The German Ideology

Science fiction and pro-revolutionary literature share the same highest of high priorities, namely the separating out of moments of freedom from the reproduction of existing constrained relationships. Both discourses are most concerned with the image of an overflowing of activity which cannot be mapped back onto the co-ordinates of already established behaviour but which, on the contrary, defines itself on its own terms and may thus be presented as exceptional.



Freedom is always novel and freedom always steps out of all established registers in its wilful creation of a new register. What is free is thus understood as traces of consciousness commingling with fragments of activity within a unified project; freedom is always to be evaluated on the terms it generates itself out of the mixing together of its constituent parts.

’The shock of freedom works miracles. Nothing can resist it, neither mental illness, remorse, guilt, the feeling of powerlessness, nor the brutalisation created by the environment of power. When a waterpipe burst in Pavlov’s laboratory, not one of the dogs that survived the flood retained the slightest trace of his long conditioning. Could the tidal wave of great social upheavals have less effect on men than a burst waterpipe on dogs?’
Vaniegem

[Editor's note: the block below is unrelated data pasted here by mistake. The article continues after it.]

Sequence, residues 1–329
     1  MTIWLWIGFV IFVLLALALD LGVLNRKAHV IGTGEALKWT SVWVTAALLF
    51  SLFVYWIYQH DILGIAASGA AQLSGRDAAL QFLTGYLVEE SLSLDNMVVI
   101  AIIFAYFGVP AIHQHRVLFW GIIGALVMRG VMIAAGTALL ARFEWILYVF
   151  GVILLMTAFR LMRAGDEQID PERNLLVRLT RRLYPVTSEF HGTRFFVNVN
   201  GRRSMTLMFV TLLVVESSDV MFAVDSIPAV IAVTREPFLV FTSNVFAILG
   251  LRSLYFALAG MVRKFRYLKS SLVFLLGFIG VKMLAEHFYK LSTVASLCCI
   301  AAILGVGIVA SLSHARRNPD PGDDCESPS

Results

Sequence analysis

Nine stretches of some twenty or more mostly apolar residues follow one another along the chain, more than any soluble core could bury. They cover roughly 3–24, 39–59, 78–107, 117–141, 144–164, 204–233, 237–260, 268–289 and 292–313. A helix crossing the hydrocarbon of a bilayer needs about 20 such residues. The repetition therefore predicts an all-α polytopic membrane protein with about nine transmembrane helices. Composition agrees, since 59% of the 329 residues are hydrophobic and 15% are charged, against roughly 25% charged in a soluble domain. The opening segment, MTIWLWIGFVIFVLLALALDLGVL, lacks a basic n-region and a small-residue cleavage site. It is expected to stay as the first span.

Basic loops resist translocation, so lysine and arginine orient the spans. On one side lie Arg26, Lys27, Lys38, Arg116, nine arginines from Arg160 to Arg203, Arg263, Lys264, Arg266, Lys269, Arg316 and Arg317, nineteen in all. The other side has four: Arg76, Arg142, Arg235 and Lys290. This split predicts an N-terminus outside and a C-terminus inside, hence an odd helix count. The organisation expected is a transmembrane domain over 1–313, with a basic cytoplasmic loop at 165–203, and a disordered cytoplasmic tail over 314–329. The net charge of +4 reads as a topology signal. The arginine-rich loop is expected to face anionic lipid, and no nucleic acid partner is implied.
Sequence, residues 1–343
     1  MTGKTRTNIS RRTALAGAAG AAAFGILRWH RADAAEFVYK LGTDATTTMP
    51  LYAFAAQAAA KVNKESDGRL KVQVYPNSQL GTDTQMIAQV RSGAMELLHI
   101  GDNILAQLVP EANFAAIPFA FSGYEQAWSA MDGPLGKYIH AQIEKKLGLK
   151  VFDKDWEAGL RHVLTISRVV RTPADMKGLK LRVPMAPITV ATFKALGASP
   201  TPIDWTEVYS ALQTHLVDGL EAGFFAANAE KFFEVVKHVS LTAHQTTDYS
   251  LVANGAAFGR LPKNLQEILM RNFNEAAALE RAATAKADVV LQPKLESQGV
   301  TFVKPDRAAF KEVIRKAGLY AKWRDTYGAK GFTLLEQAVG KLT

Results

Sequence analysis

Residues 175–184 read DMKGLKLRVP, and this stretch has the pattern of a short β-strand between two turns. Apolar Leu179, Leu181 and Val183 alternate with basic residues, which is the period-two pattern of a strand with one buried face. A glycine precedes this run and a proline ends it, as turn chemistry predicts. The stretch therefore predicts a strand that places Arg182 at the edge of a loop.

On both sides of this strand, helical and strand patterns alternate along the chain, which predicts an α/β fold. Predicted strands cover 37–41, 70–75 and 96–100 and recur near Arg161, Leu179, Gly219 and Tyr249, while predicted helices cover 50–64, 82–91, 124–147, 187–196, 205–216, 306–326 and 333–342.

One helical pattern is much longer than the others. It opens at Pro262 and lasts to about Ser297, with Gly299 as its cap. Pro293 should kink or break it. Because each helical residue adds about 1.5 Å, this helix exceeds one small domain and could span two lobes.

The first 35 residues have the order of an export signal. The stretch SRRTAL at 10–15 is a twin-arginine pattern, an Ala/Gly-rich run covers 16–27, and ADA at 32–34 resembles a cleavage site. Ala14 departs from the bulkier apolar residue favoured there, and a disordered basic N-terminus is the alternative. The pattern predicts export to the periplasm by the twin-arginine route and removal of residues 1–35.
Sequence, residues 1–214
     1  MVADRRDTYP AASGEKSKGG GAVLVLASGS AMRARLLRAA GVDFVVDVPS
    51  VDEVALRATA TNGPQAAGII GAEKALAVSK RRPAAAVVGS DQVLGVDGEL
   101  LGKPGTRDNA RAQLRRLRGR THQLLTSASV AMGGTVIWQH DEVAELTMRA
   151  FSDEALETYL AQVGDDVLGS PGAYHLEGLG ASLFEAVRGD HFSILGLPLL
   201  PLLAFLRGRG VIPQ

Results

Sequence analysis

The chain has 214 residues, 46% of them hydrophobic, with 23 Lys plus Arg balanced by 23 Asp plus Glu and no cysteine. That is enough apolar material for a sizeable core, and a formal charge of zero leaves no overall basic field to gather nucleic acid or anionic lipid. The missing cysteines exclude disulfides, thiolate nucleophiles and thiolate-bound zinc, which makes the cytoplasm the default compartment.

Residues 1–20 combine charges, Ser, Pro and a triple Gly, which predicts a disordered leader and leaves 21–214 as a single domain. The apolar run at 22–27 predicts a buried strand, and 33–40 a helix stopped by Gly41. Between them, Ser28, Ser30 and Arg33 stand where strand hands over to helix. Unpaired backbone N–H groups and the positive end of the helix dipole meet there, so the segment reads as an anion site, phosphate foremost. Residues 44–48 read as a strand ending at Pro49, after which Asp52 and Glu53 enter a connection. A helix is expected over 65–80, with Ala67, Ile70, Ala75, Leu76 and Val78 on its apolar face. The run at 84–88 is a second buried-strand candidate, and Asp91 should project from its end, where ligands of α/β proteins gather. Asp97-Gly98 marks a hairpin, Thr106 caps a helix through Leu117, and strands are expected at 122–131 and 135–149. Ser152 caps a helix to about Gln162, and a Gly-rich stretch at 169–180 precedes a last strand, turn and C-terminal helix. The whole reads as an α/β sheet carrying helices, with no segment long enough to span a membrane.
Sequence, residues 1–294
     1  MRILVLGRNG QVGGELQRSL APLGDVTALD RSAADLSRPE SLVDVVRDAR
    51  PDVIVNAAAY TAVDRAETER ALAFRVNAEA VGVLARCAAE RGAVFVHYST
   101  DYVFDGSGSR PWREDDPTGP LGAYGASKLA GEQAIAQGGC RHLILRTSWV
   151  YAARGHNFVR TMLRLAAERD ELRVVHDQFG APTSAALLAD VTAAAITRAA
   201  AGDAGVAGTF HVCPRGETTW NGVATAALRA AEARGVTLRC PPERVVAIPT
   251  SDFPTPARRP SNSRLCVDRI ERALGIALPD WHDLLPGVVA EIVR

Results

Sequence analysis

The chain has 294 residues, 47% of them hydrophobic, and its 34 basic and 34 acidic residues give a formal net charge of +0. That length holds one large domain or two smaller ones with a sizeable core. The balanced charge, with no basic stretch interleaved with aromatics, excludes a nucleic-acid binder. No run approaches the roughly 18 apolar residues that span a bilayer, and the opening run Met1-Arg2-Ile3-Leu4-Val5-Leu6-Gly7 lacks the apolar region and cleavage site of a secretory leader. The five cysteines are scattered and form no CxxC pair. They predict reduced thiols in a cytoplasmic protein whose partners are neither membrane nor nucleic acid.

But, once it has lost it glimmer, the image of freedom becomes that of caprice in relation to fate. As time lapses, the faded image of what it means to be free is transformed into the defining constraint on reproduced activity. Oppression is never more than freedom plus time.

Somewhere within that most esteemed collection of science fiction stories Cosmicomics Italo Calvino considers the freeing of shellfish from their submarine greyness. He notes that their achievement of colour is not complemented by their developing sight so that they might somehow gain benefit from their achievement. He represents this ‘just so’, the why it had to be, as a delicate process of accidental developments, of distribution of faculties, of the interplay of internalities and externalities, of constraints and the overcoming of constraints, of collapsing complexities and destabilised simplicities, of enticements and dead ends, of slow builds and sudden rushes.

In particular, Calvino presents the relationship of experimental engagements of the self (wherever this may be located on the circuit of material forces) within the context of a blank world as a series of subjectively achieved breakthroughs. He records how the evolution of sight does accompany the embodiment of visuality in the world but he also considers how the capacity to gaze is allocated to a different organisation’s line of descent than the developmental line of what is to be gazed upon – and yet, we discover, that far from having separate lineages the looking and the looked upon are necessarily integral to each other even if they do not inherit the same genetic patterning.